Kentucky Secretary of State and Democratic Senate candidate Alison Lundergan Grimes appears to be playing it safe on marriage equality in the wake of a federal judge's ruling that the state's ban on same-sex marriage is unconstitutional.
When asked to comment about the judge's Tuesday decision striking down the ban, Grimes seemed both supportive and apprehensive about marriage equality.
"While I don't believe any church should be forced to recognize anything that is inconsistent with their teachings, my husband and I have been married for seven years, and I believe others should have the opportunity to make that same commitment," an emailed statement from Grimes read.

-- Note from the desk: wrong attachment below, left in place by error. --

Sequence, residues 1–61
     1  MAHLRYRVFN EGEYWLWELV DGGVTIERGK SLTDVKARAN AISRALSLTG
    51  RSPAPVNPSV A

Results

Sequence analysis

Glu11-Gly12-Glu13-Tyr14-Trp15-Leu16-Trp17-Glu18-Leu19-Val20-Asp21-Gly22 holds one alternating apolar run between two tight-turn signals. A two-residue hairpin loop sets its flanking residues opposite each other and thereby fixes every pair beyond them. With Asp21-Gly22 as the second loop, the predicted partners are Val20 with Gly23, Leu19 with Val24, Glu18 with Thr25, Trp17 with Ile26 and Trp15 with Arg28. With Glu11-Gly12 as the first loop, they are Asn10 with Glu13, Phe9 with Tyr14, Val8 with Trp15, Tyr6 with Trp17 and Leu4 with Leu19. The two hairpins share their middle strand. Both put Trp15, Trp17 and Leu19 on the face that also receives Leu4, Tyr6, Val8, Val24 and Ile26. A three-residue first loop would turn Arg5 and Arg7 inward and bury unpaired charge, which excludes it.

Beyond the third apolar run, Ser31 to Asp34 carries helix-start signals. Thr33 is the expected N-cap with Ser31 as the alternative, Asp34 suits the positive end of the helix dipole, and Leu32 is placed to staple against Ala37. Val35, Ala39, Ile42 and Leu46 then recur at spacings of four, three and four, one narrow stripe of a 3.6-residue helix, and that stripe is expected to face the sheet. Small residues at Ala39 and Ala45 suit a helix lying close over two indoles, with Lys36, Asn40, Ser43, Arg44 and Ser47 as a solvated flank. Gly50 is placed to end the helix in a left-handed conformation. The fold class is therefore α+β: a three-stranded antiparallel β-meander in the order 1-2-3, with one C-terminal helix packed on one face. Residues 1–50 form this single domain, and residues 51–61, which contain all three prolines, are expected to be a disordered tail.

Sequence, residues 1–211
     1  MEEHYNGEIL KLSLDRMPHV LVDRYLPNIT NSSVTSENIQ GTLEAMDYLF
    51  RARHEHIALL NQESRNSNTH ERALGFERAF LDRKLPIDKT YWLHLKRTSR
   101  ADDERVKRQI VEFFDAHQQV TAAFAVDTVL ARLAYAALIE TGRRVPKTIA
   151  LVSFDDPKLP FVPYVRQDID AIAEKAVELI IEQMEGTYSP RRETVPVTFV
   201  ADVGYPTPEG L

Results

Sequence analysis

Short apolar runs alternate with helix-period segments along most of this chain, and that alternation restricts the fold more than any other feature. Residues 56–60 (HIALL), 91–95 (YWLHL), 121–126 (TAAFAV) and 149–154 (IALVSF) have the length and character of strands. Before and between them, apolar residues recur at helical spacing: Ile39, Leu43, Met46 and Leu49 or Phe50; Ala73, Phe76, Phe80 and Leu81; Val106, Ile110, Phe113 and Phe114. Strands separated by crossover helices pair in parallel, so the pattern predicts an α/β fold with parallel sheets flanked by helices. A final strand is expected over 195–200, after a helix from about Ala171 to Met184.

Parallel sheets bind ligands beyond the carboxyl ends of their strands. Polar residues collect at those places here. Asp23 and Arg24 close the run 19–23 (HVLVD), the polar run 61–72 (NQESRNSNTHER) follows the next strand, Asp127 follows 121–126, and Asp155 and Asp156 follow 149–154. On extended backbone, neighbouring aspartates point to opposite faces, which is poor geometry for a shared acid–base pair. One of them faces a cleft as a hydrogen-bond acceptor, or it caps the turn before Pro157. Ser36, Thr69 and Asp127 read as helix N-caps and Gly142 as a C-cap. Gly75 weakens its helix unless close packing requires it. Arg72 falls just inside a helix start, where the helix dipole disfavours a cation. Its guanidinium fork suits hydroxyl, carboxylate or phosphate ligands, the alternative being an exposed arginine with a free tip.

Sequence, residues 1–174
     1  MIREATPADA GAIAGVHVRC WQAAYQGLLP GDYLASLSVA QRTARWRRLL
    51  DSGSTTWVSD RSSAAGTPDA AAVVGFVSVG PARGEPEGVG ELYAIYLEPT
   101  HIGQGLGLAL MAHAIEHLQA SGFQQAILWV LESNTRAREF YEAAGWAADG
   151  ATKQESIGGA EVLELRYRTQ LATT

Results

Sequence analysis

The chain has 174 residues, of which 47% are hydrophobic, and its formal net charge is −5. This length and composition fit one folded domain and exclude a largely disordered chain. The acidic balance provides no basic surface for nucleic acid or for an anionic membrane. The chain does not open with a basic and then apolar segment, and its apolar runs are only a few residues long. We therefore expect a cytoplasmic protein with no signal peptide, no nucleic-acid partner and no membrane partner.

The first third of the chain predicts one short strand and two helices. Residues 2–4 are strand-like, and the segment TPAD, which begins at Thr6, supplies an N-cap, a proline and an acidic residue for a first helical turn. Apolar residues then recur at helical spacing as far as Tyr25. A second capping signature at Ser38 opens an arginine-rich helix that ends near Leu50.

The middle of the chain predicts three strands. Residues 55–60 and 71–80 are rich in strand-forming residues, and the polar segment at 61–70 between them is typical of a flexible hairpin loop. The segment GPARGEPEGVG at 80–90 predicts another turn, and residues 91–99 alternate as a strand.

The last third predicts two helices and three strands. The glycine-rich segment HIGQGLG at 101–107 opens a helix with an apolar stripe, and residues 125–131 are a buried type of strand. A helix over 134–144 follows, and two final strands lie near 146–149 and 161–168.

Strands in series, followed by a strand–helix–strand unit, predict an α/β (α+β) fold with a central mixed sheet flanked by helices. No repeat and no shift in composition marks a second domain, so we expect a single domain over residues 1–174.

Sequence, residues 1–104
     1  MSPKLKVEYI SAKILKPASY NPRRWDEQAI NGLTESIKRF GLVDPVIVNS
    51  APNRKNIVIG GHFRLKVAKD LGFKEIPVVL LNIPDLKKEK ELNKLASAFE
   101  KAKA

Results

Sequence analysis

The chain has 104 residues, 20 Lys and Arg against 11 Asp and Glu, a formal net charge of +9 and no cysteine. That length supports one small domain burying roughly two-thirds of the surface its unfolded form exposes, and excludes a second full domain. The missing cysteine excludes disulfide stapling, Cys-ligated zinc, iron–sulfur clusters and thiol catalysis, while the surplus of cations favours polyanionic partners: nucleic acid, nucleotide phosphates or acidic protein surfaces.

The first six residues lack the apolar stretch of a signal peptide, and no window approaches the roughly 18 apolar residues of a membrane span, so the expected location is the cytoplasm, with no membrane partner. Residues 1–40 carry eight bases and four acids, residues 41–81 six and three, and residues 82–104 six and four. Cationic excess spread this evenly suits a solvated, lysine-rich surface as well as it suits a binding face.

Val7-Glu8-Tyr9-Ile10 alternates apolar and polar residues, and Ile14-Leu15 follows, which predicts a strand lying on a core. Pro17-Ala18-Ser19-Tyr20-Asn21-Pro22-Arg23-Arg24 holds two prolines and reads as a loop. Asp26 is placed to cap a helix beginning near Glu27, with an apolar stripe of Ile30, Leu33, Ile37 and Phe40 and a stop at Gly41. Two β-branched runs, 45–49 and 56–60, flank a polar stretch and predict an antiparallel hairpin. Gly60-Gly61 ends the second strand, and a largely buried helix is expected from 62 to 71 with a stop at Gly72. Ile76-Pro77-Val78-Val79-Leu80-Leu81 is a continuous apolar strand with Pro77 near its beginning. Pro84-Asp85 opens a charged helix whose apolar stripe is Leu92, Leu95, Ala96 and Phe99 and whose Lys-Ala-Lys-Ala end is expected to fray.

Grimes' campaign issued a virtually identical statement in February when the same federal judge ruled that Kentucky must recognize same-sex marriages performed in other states.
This isn't the first time Grimes has seemed reluctant to discuss the issue: In August, soon after she announced her candidacy, she declined to express her views on marriage equality in an interview with Politico.
Senate Minority Leader Mitch McConnell (R-Ky.), whom Grimes is attempting to unseat, opposed the February ruling.
"I will continue to support traditional marriage and fight to make sure that Kentuckians define marriage as we see fit and never have a definition forced on us by interests outside of our state," McConnell said. He defended the now-endangered state constitutional amendment defining marriage as between a man and a woman, saying "only the people of Kentucky, through the legislative process, should have the authority to change the law, not the courts."
Tuesday's ruling legalizing same-sex marriages in Kentucky was put on hold, as Kentucky Gov. Steve Beshear (D) presses on to the U.S. Court of Appeals for the 6th Circuit.